Norway's Gro Brundtland said it will take a worldwide effort to slow and ultimately reverse global climate change.
While conceding the task is daunting, Brundtland believes it's achievable by the middle of this century, if the world's nations can put aside their political differences and pull together.
"We can turn this around (reducing air pollutants) 60 to 70 percent by 2050," said Brundtland, during a telephone interview from her hotel in Nice, France. "We can change the (temperature) curve downward with a concentrated effort.
"It has to be done. We still will have (climate change) effects to deal with, but it is possible."
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That's the message Brundtland, a United Nations special envoy on climate change, will carry to Stockton on Thursday, when she's scheduled to speak at the University of the Pacific.
As a special envoy, Brundtland represents the 2,000 scientists who serve on the U.N.'s Intergovernmental Panel on Climate Change. That group shared the Nobel Peace Prize with former Vice President Al Gore last week for helping increase worldwide awareness about global warming.
A variety of chemical compounds in the atmosphere might act as "greenhouse gases," warming temperatures in the process.
As sunlight passes through the gases and strikes the ground, some is reflected back into the atmosphere as infrared radiation. Greenhouse gases absorb this radiation or heat and trap it in the atmosphere.
Some of these gases -- water vapor, carbon dioxide, methane, nitrous oxide -- can occur naturally; others result from human activity or products, such as propellants used in aerosol cans.
But there's no question, according to Brundtland, that human activities and products have dramatically heightened the greenhouse gas effect.
The Intergovernmental Panel on Climate Change reported earlier this year that global warming is "very likely" caused by man. Many scientists around the world share that opinion.
"The scientific evidence is indisputable," Brundtland said. "Major changes in climate are due to man's activities. And scientists today say climate is changing faster than they previously thought. That's why we must have a worldwide approach."
Brundtland has been a player on the world health and environmental stages since the mid-1970s.
A medical doctor and scientist, Brundtland was the first woman to serve as environmental minister, and later prime minister, of Norway.
From 1998 to 2003, she was director-general of the World Health Organization.
Brundtland said global warming, if it remains unchecked, also will have serious consequences for human health.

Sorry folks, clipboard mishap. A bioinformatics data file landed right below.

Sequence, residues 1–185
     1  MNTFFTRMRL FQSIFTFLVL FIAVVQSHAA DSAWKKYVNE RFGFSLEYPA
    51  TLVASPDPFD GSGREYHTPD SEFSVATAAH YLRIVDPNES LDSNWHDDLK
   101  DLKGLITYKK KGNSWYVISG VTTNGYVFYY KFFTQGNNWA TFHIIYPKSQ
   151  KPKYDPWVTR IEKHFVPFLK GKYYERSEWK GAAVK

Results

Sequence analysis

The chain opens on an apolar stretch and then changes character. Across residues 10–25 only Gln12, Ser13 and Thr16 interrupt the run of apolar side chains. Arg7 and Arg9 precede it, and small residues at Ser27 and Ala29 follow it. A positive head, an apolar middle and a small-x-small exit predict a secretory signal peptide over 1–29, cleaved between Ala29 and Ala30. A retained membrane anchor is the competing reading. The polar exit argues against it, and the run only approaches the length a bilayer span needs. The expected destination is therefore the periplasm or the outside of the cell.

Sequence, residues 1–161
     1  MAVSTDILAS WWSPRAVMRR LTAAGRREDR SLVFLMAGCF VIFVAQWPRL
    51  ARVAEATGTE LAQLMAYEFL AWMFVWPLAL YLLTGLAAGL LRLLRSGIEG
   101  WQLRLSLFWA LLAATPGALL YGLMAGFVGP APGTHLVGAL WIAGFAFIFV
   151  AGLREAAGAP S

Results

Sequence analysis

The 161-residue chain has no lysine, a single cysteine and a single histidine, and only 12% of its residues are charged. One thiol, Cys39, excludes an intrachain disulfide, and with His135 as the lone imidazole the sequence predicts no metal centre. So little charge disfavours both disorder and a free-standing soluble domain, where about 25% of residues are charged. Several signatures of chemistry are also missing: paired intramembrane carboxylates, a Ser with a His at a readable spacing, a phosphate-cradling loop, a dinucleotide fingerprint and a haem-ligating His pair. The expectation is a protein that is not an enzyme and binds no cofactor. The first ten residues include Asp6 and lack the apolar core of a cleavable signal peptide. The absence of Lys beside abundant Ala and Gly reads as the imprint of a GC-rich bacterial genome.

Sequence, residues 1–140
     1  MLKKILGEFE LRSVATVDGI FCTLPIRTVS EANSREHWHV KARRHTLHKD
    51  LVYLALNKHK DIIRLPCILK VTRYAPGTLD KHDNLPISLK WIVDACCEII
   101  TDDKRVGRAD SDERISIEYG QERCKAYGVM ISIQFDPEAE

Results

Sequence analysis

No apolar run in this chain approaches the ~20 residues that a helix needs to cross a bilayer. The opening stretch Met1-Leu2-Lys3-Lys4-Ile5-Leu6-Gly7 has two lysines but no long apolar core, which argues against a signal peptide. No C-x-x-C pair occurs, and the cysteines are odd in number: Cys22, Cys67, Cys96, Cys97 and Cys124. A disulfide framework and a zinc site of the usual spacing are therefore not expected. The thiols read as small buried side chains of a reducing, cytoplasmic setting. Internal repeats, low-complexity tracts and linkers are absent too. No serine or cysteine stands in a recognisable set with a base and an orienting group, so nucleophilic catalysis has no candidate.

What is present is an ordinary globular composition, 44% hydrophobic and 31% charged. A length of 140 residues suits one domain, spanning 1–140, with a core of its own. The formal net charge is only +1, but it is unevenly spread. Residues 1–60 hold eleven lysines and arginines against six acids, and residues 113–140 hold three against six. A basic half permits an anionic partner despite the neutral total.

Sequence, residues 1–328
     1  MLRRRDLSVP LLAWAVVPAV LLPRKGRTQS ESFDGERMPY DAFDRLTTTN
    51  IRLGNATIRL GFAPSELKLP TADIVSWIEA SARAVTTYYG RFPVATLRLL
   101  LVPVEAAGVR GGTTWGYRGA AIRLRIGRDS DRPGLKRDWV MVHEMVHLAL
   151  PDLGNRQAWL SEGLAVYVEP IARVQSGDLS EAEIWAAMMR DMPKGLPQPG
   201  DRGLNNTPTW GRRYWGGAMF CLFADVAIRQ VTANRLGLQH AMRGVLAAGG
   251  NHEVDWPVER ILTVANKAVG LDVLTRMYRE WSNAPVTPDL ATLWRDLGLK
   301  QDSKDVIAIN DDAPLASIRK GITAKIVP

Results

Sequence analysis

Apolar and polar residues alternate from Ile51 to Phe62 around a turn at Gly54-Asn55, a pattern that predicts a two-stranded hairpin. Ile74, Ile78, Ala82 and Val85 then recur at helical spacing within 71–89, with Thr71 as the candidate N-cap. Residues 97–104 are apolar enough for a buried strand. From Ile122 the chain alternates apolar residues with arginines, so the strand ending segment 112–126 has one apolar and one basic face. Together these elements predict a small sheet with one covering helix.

Worldwide warming temperatures, she said, will give rise to new diseases and allow others that have been controlled or eradicated to return and spread to new locations.
Malaria and other tropical diseases and viruses, for example, could move into regions of the world where it never before existed.
"We're seeing malaria coming back in places where it had disappeared," she said. "We're also seeing it turn up in places where it never has been before."
Diseases could make comeback
Brundtland said other diseases such as smallpox, which have been virtually eradicated worldwide, also could return with a vengeance.
Brundtland was at the WHO in February 2003, when the SARS (severe acute respiratory syndrome) virus first surfaced in Asia.
In just a few months, the illness spread to more than two dozen countries in North America, South America and Europe before it was contained.
"We started tough actions," Brundtland said. "We restricted travel to the areas where the outbreak occurred and by June, the virus was stopped in its tracks."
The WHO reported that 8,098 people contracted the virus. Of those, 774 died. In the United States, just eight SARS cases were confirmed.
Brundtland said international cooperation -- scientists sharing data and theories and working cooperatively -- was the key reason behind the relatively quick containment of the disease.
That same approach is needed, she said, to combat and ultimately reverse global warming.
Although Brundtland said she's not familiar with all of the climate change consequences facing California's Central Valley, there are similarities between it and other agricultural areas whose water supplies are dependent upon melting mountain snow.
The same airborne pollutants that scientists say will reduce the size and location of the Sierra Nevada snowpack by the end of this century are causing similar headaches worldwide.
"There are no borders at work; we all breathe the same atmosphere," Brundtland said. "You cannot isolate one country or one state. What one nation or one state tries to do on its own (to reduce air pollutants) will never be sufficient."
Brundtland will speak at 6:30 p.m. Thursday in the Faye Spanos Concert Hall. The lecture will be broadcast the next day over the Pacific iTunes U site. It can be accessed by going to itunes.pacific.edu, but you must have iTunes installed on your computer to access it. Bloggers may send questions until noon Thursday to DeanSIS@pacific.edu.
Bee staff writer Michael G. Mooney can be reached at firstname.lastname@example.org or 578-2384.